Well into Summer
Longer days. Shorter nights. A season of growth and renewal.
Here are are some poems offered for your for your summer reading by The Academy of American Poets.
"Vacation" by Rita Dove
"In Summer" by Paul Laurence Dunbar
"Spain" by Major Jackson
"Long Island Sound" by Emma Lazarus
"Travel" by Edna St. Vincent Millay
"Back Yard" by Carl Sandburg
"The Idea of Order at Key West" by Wallace Stevens
Be sure to check the "Related Poems" links on each page.
And check out the following topics:
Write a poem that is six to sixteen lines long and contains no grammatically complete sentences.
If you want, you can punctuate fragments as complete sentences.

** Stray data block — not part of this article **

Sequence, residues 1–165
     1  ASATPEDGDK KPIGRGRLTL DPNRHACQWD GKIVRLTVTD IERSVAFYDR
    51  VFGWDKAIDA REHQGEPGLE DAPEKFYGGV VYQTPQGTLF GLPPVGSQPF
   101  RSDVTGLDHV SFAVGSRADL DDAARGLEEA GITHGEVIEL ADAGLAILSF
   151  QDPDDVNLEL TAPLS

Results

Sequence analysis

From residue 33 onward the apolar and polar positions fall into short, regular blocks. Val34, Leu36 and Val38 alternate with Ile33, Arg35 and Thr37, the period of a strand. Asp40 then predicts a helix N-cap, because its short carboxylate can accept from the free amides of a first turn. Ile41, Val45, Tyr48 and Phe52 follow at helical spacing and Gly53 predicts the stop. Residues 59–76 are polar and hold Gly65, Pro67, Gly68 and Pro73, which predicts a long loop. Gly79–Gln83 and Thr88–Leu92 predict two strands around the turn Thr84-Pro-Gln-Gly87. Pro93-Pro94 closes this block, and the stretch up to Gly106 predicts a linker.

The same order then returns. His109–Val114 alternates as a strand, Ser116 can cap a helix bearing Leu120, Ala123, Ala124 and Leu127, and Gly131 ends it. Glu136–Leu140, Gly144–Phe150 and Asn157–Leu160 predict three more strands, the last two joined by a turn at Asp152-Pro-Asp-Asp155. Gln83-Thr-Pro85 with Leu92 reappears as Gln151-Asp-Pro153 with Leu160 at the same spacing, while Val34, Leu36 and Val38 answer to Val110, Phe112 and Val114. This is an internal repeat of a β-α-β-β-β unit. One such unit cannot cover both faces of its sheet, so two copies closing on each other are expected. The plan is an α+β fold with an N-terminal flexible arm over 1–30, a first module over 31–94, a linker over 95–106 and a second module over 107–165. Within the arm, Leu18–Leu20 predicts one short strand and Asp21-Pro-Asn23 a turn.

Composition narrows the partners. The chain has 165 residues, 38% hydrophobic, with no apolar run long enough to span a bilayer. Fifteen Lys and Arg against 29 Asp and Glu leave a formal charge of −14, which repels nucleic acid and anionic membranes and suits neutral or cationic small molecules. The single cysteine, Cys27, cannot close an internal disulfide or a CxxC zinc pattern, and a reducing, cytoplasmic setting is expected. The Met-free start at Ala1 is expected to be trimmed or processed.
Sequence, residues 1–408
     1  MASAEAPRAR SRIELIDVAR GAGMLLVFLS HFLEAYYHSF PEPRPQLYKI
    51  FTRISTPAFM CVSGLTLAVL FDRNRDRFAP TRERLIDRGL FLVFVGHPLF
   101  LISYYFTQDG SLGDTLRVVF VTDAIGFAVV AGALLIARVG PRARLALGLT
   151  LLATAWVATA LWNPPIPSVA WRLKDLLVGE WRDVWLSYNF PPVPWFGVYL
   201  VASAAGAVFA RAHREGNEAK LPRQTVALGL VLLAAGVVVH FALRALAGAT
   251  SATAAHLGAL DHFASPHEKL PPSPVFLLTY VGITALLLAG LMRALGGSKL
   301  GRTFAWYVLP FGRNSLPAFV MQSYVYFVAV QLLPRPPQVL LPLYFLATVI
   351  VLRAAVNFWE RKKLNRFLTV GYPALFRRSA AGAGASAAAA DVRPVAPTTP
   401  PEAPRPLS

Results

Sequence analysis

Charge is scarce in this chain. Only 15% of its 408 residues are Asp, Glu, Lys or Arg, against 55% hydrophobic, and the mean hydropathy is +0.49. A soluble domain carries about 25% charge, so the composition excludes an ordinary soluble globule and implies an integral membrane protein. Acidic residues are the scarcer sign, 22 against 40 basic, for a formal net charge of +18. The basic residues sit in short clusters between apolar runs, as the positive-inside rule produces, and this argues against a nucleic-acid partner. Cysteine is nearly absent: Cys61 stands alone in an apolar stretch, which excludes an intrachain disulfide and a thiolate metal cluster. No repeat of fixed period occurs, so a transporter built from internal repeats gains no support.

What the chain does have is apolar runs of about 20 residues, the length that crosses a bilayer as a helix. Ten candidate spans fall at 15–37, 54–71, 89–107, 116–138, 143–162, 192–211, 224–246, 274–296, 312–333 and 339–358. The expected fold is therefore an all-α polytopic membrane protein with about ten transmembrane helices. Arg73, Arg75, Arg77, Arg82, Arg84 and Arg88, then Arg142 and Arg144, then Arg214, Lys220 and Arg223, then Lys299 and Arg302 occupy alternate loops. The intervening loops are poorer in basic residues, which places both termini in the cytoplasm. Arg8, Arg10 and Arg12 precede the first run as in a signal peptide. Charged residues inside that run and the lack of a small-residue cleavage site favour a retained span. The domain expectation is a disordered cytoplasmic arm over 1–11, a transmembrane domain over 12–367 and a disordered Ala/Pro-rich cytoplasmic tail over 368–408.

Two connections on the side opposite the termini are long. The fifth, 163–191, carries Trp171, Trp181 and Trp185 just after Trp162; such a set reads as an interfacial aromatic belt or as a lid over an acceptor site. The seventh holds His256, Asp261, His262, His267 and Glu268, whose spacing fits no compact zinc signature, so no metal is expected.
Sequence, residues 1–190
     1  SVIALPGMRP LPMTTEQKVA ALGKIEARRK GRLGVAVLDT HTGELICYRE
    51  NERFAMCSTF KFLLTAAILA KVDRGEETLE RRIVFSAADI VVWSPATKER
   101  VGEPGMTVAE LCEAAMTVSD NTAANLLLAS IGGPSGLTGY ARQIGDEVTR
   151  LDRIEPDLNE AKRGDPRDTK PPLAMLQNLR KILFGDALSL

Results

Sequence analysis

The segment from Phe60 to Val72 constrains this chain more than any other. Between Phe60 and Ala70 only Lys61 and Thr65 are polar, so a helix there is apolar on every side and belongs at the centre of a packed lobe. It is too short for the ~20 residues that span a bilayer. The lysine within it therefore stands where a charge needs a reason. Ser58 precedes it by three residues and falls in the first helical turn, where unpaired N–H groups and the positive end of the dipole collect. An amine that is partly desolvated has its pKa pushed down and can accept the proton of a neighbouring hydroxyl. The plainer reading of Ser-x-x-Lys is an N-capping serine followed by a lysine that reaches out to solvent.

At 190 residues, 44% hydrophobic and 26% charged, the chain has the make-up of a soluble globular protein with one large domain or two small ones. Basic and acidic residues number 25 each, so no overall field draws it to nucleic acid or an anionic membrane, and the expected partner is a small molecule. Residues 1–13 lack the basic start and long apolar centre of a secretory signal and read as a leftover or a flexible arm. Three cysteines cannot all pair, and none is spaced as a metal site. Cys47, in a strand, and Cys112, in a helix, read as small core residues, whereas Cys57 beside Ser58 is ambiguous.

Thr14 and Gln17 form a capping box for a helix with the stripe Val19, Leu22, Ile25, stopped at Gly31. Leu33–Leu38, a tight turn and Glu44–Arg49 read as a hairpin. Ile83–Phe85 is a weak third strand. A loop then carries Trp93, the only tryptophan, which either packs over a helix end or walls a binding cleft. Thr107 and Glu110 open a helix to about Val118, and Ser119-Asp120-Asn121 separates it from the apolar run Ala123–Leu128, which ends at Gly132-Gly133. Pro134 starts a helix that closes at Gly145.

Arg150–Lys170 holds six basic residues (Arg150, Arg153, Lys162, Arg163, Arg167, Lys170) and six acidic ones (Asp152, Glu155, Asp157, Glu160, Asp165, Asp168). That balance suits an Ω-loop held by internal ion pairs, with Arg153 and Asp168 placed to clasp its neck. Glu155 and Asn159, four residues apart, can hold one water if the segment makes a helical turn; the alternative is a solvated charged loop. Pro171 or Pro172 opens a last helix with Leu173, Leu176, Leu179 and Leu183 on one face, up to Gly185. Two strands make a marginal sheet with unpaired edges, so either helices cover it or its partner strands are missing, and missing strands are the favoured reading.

Make your final poem six to sixteen lines long. Consider dividing it into two or more stanzas.
Everyone has a personal and unique way of writing. And even with the same poet, different poems follow different paths from inspiration to publication. Even so, it's possible to envision a general process that can help us see where we are at and where we are headed as we work on our poems.
The ideas in this section are intended to help you keep moving ahead with your writing.
These are similar but not identical concepts. Rhythm refers to the overall tempo, or pace, at which the poem unfolds, while meter refers to the measured beat established by patterns of stressed and unstressed syllables. Poets who write free verse, generally de-emphasize or ignore meter and focus instead on refining and tuning their natural speech rhythms to suit the poem's tone and content. Or as Ezra Pound put it, they "compose in the sequence of the musical phrase, not in the sequence of the metronome."Read more ...